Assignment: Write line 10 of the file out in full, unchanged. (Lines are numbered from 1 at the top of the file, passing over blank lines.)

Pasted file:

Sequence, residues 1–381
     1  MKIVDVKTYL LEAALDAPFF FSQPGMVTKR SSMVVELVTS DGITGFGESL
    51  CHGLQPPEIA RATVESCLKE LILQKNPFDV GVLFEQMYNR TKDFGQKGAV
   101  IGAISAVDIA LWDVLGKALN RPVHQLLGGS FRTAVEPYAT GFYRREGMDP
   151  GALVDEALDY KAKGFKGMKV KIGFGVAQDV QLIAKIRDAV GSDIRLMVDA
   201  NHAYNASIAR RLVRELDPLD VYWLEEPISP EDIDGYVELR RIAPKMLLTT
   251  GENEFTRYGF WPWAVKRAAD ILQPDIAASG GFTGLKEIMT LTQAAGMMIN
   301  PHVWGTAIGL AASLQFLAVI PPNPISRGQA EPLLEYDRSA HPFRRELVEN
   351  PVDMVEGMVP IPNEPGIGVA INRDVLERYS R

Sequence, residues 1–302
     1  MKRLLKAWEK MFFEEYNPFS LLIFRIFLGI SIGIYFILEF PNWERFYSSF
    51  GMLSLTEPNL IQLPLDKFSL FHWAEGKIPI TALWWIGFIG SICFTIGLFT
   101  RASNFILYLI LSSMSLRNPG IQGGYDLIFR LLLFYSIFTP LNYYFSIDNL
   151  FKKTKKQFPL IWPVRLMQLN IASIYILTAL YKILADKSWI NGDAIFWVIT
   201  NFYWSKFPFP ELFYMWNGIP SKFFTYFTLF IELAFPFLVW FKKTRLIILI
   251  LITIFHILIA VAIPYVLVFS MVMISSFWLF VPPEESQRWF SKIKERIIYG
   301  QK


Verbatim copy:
Sequence, residues 1–302